I had just finished a radio discussion on All India Radio about the World Trade Organisation's multilateral framework agreement that is being projected as a 'historic breakthrough', when my phone rang. The seemingly excited owner of an up-market supermarket mall in New Delhi, was curious to know: "You mean the WTO has done exactly what we have been doing for ages?"
"You will have to explain what you mean by that," I replied.
"Well", he replied "do you really think we put up sale signs all over the shops announcing discounts of 20 to 50 per cent on every item, and end up running into huge losses?" and then went on to explain: "We first increase the price of our products, and then offer discounts to lure the customers, and the smart fellows actually end up paying more." He laughed, and added "the WTO has done exactly that, and I think the so called brilliant negotiators from the developing countries have been taken for an easy ride."
Although the WTO director general, Dr Supachai Panitchpakdi, may not be aware as to how this simple and universal business trick had been effectively used, the United States Trade Representative, Mr Robert Zoellick, and the outgoing European Union's Trade Commissioner, Pascal Lamy, have certainly successfully managed to hoodwink the developing country negotiators. They have gone back more than satisfied with the empty promise of reducing contentious monumental agricultural subsidies, but in reality, they are getting a legal stamp of approval from the developing countries that allows them to increase subsidies even more. They couldn't have asked for anything more.
Let us first understand the political ramifications. Agricultural subsidies have been (and will remain) the bone of contention in the ongoing trade negotiations. It is because of the unwillingness of rich countries to reduce their agricultural subsidies (now to the tune of US $ 320 billion) that the developed countries had refused to budge, even allowing the collapse of the WTO Cancun Ministerial in September 2003. The question therefore is: what made them change their stand, and that too within a year and with the US going in for elections?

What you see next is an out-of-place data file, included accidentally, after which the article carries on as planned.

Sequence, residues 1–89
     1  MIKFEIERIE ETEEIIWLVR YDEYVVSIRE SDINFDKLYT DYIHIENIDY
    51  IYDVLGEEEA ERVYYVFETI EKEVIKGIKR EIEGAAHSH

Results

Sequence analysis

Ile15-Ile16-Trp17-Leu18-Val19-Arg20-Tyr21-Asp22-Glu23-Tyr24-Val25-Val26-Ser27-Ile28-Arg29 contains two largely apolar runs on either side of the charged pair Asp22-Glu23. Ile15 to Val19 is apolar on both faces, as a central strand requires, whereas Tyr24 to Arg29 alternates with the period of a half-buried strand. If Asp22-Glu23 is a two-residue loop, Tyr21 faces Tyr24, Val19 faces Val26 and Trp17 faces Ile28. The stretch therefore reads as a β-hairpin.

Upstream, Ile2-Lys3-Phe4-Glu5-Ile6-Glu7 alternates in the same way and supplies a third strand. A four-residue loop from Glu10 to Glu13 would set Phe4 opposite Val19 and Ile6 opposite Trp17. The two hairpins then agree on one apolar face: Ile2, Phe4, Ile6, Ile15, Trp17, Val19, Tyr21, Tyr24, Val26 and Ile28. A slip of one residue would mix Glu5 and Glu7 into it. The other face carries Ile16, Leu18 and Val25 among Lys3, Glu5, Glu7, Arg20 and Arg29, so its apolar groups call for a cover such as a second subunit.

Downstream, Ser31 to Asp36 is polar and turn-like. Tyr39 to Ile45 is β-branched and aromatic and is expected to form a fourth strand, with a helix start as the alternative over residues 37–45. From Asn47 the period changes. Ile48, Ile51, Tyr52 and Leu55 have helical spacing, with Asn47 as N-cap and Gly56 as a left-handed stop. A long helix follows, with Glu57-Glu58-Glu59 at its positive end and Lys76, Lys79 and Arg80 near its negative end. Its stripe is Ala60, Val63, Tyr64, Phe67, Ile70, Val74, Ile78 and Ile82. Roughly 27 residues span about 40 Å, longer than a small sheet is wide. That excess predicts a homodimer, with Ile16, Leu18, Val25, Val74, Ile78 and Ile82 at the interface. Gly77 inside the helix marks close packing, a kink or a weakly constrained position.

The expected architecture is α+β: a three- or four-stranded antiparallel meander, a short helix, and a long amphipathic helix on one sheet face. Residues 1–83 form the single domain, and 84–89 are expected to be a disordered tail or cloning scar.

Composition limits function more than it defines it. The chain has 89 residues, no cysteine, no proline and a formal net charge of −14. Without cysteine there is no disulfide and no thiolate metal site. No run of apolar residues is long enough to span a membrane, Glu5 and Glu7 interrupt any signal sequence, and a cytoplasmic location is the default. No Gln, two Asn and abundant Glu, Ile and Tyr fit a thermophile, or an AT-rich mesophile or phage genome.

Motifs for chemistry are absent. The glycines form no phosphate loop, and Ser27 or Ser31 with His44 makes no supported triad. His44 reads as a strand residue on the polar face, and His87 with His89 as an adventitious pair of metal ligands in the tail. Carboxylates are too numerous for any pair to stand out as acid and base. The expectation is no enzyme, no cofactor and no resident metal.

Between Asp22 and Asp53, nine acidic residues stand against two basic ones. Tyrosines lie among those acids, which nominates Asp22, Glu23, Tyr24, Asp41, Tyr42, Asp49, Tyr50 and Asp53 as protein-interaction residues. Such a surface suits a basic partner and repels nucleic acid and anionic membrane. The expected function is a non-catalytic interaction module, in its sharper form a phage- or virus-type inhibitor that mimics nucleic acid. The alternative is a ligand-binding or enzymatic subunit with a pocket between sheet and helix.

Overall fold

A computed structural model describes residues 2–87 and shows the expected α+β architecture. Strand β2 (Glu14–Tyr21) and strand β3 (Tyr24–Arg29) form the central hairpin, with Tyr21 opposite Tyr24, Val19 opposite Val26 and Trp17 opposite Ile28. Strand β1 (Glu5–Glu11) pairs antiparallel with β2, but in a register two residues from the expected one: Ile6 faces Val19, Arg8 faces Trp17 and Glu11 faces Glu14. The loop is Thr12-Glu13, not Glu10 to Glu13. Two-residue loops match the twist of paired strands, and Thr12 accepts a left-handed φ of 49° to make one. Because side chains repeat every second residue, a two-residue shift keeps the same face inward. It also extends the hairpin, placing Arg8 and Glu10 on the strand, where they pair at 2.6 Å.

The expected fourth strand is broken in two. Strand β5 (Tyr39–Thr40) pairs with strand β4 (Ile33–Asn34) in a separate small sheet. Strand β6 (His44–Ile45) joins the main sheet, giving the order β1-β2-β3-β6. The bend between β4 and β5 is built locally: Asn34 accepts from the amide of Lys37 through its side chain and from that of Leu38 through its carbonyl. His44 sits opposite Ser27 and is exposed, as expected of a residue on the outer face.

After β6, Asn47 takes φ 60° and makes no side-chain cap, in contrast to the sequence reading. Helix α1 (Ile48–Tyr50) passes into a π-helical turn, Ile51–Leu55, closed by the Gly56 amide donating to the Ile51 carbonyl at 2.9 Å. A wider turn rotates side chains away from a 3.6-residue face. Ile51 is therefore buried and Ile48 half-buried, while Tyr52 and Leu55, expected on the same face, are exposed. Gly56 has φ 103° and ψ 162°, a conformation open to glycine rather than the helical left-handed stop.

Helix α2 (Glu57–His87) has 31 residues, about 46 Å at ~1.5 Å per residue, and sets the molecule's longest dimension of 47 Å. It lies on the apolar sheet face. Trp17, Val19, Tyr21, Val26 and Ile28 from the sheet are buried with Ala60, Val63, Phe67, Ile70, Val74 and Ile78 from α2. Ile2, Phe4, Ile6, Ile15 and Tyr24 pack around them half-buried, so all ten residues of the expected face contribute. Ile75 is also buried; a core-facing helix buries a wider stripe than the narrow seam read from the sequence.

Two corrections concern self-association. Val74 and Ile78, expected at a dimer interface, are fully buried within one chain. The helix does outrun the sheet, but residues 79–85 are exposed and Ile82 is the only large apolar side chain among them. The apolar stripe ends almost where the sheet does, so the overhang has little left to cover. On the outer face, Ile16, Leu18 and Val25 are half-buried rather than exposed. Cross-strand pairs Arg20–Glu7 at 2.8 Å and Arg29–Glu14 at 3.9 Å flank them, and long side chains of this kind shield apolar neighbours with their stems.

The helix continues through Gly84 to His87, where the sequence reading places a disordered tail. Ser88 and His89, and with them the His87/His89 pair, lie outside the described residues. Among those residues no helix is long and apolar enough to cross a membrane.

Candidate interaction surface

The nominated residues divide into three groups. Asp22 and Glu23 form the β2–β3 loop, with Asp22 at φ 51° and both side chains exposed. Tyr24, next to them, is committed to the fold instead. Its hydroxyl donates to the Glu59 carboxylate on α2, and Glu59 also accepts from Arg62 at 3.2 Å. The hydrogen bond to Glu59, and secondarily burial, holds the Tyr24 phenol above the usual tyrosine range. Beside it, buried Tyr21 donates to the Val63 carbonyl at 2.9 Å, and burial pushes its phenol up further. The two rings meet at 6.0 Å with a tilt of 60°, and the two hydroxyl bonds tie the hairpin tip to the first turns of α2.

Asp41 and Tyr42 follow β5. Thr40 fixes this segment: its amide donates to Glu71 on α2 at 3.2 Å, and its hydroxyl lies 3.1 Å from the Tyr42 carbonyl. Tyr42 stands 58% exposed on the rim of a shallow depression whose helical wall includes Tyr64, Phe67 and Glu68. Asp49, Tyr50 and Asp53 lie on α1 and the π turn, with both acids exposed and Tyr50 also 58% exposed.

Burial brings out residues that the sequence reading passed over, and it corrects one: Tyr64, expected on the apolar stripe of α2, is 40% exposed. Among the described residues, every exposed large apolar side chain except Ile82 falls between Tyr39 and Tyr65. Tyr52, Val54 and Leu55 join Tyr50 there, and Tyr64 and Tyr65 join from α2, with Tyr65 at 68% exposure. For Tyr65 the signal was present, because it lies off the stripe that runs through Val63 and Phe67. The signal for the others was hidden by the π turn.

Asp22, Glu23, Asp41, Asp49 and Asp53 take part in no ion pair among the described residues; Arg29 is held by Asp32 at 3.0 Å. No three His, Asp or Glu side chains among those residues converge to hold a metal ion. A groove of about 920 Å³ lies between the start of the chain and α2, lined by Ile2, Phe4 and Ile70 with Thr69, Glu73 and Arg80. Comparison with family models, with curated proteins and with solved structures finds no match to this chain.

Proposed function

It is accepted that any move to significantly cut agricultural subsidies will be politically suicidal for the rich countries, more so in a year of election. US President George Bush will never step into the election fray after agreeing to chop subsidies for his farmers. European nations, especially France, Germany, and the Nordic countries would have been faced with a political turmoil within a day or two of the July framework being agreed if it had meant any drastic cut in subsidies. The absence of political reaction in any of the developed countries is more than enough indication that the rich countries have managed to protect their subsidies.
Translation: Reading this together means that first all the efforts made by developing countries to see that trade-distorting Blue Box is removed have been nullified. The new framework allows the developed countries to shift a large chunk of agricultural subsidies (now under the Green Box and Amber Box) to the Blue Box. In other words, the advantage that the developing countries had gained with the termination of the Peace Clause on Dec 31, 2003 (under which the developing countries could not challenge agricultural subsidies in the rich countries) has been negated. They will now be confronted by an equally detrimental Blue Box.
The framework actually provides a cushion to the US and EU to raise farm subsidies from the existing level. If you read the draft carefully, it becomes obvious that the first instalment of a cut in subsidies by 20 per cent is not based on the present level of subsidies but on a much higher level that has been now authorized based on the three components -- the final bound total AMS, plus permitted de minimis, plus the Blue Box. For the EU, this should come to Euro 95.76 billion and after applying the first cut, the subsidies that can be retained will be Euro 76.63 billion.
If we were to add all the components as specified in the WTO framework, the EU subsidies at present will total around (including the under-notified coupled support) Euro 55.8 billion, which is far less than what it is supposed to reduce. In other words, EU gets enough leverage to increase its subsidies. No wonder the so-called phase out of agriculture subsidies has not snowballed into a political crisis in any of the European countries. Furthermore, the EU has Blue Box subsidies to the tune of Euro 14.31 billion. This is a huge amount, and therefore the framework states: "In cases where a Member has placed an exceptionally large percentage of its trade-distorting support in the Blue Box, some flexibility will be provided on a basis to be agreed to ensure that such a Member is not called upon to make a wholly disproportionate cut." The EU therefore has nothing to worry about cutting the Blue Box subsidies.
The United States on the other hand is wanting to shift the US $180 billion for ten years that it has provided to farmers under the notorious Farm Bill 2002 (70 per cent of this amount is to be spent in the first three years, before George Bush goes to elections) to the Blue Box. Since the WTO will now specify the historical period from which the Blue Box implementation will begin, it means that the US can now protect the yearly installment of its counter-cyclic payments to farmers. In the case of cotton subsidies where the US provides a daily support if US $10.7 million to its 25,000 cotton growers, and where the ruling of the WTO Dispute panel has gone against the US cotton subsidies, the WTO has refused to act. All that the WTO general council has done is to "instruct the Director General to consult with the relevant international organizations, including the Bretton Woods Institutions, the Food and Agriculture Organization and the International Trade Centre to direct effectively existing programmes and any additional resources towards development of the economies where cotton has vital importance."